What are the main policy challenges for countries in Asia in more broadly? Against the backdrop of a still highly uncertain environment, policymakers face the difficult task of calibrating the amount of insurance needed to support stable, non inflationary growth.
On one hand, severe downside risks are still looming, and policymakers need to remain vigilant as signs of renewed deterioration in external conditions may require easing policies in those countries with the requisite policy space.
But with acute financial tensions receding earlier this year and signs that the slowdown is bottoming out in most of Asia in the first quarter, policymakers in the region should also stand ready to return to more neutral macro policies. Of course, the balance of risks and the need for switching gears quickly differs from country to country. Economies with greater exposure to downside risks and those closer to neutral monetary policy stances could afford to pause longer, but others with more accommodative conditions, stickier core inflation, and more buoyant credit growth may need a faster return to more neutral policy stances. The thrust of fiscal policies should be to rebuild space and reorient spending towards faster economic rebalancing.
In the remainder of my presentation, I would like to focus on the role economic integration can play in making Thailand and other Asian economies more resilient. With China having been the dominant force in changing regional patterns of trade over the last decade, I will focus first on the potential impact of economic rebalancing there on the rest of Asia. Finally, I will briefly review the state of financial integration in Asia, and the potential benefits from further regional financial integration.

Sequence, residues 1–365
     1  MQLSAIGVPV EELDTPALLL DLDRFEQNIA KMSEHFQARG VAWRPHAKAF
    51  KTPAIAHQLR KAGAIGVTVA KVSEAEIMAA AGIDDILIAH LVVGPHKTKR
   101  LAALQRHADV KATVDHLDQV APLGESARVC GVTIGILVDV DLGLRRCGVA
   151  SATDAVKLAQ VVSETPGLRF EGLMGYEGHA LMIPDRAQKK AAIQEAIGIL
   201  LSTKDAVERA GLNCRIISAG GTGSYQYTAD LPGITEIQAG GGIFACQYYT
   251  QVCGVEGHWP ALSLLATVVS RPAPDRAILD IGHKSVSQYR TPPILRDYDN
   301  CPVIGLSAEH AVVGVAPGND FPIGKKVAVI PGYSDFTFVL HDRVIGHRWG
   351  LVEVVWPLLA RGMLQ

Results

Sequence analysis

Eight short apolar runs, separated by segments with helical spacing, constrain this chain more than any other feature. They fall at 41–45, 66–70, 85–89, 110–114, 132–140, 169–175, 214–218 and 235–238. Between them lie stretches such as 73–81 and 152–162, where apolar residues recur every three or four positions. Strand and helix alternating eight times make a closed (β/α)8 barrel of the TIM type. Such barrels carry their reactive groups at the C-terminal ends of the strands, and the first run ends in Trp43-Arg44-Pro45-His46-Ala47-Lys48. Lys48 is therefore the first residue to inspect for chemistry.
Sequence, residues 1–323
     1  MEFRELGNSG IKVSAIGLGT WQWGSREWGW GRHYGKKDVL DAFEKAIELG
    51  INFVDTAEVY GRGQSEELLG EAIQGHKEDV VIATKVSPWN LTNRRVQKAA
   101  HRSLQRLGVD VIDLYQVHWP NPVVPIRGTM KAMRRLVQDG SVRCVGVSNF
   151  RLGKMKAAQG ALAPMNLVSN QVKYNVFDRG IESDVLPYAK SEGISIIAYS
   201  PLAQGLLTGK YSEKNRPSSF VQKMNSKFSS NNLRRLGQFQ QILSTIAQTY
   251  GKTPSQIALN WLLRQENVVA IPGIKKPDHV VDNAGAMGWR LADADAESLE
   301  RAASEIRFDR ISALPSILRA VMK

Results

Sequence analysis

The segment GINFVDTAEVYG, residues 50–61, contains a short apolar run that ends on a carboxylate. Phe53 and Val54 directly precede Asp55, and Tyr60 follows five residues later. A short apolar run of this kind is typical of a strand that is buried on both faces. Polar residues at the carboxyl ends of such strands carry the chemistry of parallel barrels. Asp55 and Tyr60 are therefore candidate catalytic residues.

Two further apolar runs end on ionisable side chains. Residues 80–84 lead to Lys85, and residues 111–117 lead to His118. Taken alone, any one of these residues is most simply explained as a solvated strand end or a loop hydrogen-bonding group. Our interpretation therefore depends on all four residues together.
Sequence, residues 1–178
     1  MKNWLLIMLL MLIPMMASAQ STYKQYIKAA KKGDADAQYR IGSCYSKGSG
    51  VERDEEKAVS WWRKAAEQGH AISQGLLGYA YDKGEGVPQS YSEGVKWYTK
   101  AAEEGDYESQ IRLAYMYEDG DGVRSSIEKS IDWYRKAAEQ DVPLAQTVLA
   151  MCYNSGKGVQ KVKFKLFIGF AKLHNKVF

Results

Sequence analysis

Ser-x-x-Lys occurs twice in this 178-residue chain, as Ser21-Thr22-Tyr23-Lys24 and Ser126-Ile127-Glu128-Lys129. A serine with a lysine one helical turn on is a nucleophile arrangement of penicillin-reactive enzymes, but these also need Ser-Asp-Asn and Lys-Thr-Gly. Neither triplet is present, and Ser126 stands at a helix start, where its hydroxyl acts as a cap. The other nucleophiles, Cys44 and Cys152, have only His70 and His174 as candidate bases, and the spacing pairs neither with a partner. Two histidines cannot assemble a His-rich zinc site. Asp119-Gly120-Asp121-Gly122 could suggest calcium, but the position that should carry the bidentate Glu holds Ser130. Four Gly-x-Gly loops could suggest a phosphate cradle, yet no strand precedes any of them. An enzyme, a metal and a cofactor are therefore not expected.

The most striking trend in Asia’s rise as the world’s leading source of exports has been the growth in intraregional trade. While global trade and Asia’s trade with economies outside the region have doubled since 2000, intra-Asian trade has tripled, and regional trade involving emerging Asia, in particular, has increased even faster. The bulk of that increase was driven by exports of intermediate goods.
Asian economies increasingly have formed a supply network, with China taking the role of an assembly hub for final goods exports, notably consumer goods. For Asia, excluding China, the share of intermediate goods exports to China in total exports has doubled over the last decade, whereas the share of direct consumer goods exports to the United States and euro area has steadily declined. A closer look at vertical integration of exports between country pairs in Asia underscores the profound role of China in regional trade. Based on direct and indirect trade flows for intermediate goods, incorporating data from Asian input-output tables, we estimate that China ultimately accounts for about 50 percent of all intra-regional trade flows in imported inputs in Asia, more than double its share in 1995.
Korea has the closest link to China. It directly exports nearly 40 percent of its intermediate goods exports to China, four times its exports to Japan, its second most important export destination of intermediate goods. In addition, China’s share has increased in the intermediate goods exports of the ASEAN-5 economies. At the beginning of the 2000s, Japan was, by a wide margin, the most important destination of intermediate goods exports, accounting for an average 20 percent of direct exports from these countries. A decade later, Japan’s share has fallen to an average 15 percent. By contrast, China’s share more than tripled over the same period from about 4 percent to 14 percent.